Has It’s Not How Good You Are, It’s How Good You Want to Be by Paul Arden been sitting on your reading list? Pick up the key ideas in the book with this quick summary.
There’s no shortage of books on how to succeed in business, but very few have been written by people like Paul Arden – a legendary ad man who spent decades working on some of the most successful ad campaigns in Britain. You could think of him as a modern day, English version of Mad Men’s Don Draper.
Through working with some of the world’s biggest companies, Arden learned not only how to pitch an idea to a potential client. He also learned how anyone can make a splash with their big ideas. So, if you’ve ever had a brilliant product or service that you wanted to bring to life, you’ll want to find out what Paul Arden has to say and learn from one of the best in the business.
In this summary of It’s Not How Good You Are, It’s How Good You Want to Be by Paul Arden, you’ll discover
- how a laundry detergent inspired one of the Spice Girls;
- which Fat Bastard set a good example to follow; and
- why being trendy isn’t always a plus.
It’s Not How Good You Are, It’s How Good You Want to Be Key Idea #1: Be ambitious and set goals beyond what you think you’re capable of.
Everyone wants to be good at what they do. But what does “being good” mean to you? Do you want to be the best in your workplace? The best in your community? Or perhaps the best in the world?
Many believe that the most successful people in the world are also the most talented, but that’s only one piece of the pie.
Sure, talent is important. But talent on its own will only get you so far. If you want to reach the level of world-class greatness, you’ll need to combine talent with another key factor – ambition.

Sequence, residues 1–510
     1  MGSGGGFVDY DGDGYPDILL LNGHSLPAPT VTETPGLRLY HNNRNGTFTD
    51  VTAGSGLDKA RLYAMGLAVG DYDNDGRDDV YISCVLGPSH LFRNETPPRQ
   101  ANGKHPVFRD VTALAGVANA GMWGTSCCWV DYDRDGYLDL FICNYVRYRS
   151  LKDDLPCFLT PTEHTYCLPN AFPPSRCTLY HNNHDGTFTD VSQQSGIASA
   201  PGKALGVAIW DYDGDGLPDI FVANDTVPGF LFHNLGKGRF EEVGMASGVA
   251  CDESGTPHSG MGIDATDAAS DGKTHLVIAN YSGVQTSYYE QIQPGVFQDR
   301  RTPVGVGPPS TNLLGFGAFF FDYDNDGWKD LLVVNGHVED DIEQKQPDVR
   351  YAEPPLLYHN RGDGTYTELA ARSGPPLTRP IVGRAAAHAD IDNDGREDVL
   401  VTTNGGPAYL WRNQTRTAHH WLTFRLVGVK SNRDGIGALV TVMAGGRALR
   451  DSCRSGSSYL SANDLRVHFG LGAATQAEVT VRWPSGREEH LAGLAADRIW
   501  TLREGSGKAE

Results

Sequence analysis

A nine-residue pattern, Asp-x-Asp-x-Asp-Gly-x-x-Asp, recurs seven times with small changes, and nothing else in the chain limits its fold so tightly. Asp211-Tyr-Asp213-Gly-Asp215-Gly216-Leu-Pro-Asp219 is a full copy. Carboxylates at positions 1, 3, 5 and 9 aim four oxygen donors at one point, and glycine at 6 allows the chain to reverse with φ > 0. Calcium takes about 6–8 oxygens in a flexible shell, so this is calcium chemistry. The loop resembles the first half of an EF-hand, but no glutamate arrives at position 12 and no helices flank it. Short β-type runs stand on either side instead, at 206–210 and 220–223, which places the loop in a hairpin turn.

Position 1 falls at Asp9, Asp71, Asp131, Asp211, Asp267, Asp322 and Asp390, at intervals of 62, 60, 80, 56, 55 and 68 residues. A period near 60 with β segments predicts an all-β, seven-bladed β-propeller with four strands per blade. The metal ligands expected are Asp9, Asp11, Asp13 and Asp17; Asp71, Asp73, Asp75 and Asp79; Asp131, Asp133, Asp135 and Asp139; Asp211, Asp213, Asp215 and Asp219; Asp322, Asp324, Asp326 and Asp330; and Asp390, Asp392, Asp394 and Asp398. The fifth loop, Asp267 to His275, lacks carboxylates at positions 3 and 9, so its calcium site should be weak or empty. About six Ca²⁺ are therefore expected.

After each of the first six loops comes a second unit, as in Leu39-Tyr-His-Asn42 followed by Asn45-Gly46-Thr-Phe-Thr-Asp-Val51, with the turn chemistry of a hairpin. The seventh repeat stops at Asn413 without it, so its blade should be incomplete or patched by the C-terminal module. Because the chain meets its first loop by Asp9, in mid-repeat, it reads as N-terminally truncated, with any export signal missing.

Think of your friends and classmates growing up. Did the smartest or most talented students end up being the most successful? When someone has smarts, but no ambition, they'll usually get by on whatever past accomplishments they may have. The brightest stars, on the other hand, are the ones who combine their know-how with ambition and a vision for the future.
The truth is, lots of people are smart and talented, but there’s no replacing real ambition and persistence in planning for your future. And this involves setting goals that may not seem achievable today.
In other words, the secret to reaching great heights is to ignore your current limitations and set goals above and beyond what you think you’re capable of.
Keep in mind that you can always continue learning and adding to your skillset. You may not think you’re capable of running your own business, for example, but don’t let that stop you from making it your goal. Just because you’re ill-prepared for something today, it doesn’t mean you won’t be ready tomorrow.
Even if your goal isn’t entirely logical, it can be a perfect source of ambition, inspiration and motivation. When former Spice Girl Victoria Beckham was a teenager, she told herself, “I want to be as famous as Persil Automatic.” Persil Automatic is one of the most popular brands of detergent in England, so Beckham wasn’t even thinking in terms of singers or even human beings. She wanted to become a household name, and that’s just what she did. And so can you, if you set the right goals and have the ambition to see them through.
It’s Not How Good You Are, It’s How Good You Want to Be Key Idea #2: Being as good as you want to be requires accountability, openness and positivity.
Once you decide how good you want to be and create a goal for yourself, you are essentially creating a vision of yourself in the future. All you need to do then is lay the foundation that will take you from vision to reality.
Three traits make up this foundation. The first is accountability; which means holding yourself to only the highest of standards.
One of the best ways to do this is to set up a system of feedback from honest and trustworthy colleagues. It’s easy to ask a coworker for their opinion on some work you’ve done, but when you put someone on the spot like that, you’re likely to get a polite and positive response.